Around the 1840s, a new detachable clasp was introduced – the bolt ring. Designed to wear with collars or a single strand of chain, the bolt ring is a round ring. A piece of the ring is hinged and can be pushed so that rings on each end of the collar’ can be pushed inside the ring.  The hinge then snaps back and the collar is joined.

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Victorian bolt clasp

The bolt ring then developed into a spring ring clasp. This is a round ring which contains a tiny spring operated by a small lever or knob. You draw back the lever, opening the ring, insert the end of the collar and often a locket, then release the small lever. The spring mechanism keeps the clasp closed.

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Victorian spring ring clasp

Over the next few decades, the small lever or knob turned into a larger thumb knob, easier to push open and shut. It began, too to be joined to one end of the collar, rather than being detachable.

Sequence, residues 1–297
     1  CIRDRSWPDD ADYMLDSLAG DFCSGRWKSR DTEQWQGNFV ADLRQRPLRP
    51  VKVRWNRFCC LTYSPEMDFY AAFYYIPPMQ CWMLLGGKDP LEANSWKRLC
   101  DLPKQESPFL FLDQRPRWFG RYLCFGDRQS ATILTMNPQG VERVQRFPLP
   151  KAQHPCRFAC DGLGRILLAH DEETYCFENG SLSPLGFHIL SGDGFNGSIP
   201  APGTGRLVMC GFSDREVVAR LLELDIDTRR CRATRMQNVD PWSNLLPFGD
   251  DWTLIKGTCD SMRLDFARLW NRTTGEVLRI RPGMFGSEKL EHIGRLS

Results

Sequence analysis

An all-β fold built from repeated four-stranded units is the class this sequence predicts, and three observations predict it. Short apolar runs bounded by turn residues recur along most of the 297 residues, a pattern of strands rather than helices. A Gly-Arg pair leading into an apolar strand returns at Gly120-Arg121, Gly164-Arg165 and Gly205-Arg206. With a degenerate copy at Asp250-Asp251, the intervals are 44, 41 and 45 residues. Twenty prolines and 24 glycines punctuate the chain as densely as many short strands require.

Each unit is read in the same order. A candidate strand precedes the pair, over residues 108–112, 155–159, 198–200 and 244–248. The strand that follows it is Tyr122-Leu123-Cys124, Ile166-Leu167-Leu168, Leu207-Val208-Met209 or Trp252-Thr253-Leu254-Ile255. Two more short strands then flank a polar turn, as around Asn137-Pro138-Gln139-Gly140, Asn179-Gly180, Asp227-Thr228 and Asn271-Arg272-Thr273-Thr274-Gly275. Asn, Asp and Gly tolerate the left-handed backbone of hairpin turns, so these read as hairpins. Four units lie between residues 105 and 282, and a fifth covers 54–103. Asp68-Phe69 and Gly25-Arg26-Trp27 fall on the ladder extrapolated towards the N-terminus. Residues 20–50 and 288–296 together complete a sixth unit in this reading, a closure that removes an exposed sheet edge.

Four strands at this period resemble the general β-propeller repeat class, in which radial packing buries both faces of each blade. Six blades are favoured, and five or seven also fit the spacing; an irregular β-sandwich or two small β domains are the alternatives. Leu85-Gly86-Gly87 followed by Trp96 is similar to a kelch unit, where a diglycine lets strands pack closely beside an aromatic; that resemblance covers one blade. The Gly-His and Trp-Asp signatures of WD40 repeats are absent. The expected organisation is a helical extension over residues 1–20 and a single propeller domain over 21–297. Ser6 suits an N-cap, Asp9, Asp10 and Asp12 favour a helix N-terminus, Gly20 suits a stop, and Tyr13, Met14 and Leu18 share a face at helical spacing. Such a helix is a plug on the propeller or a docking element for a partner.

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Victorian spring ring clasp

The final detachable clasp that was common throughout the Victorian period was the padlock clasp. This clasp opens with a side latch and allowed owners to attach different clasps to the same necklace to give a different effect.

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Victorian ornate heart padlock

Both the spring ring and the padlock remain popular today.

More Victorian necklace clasps will be discussed next post.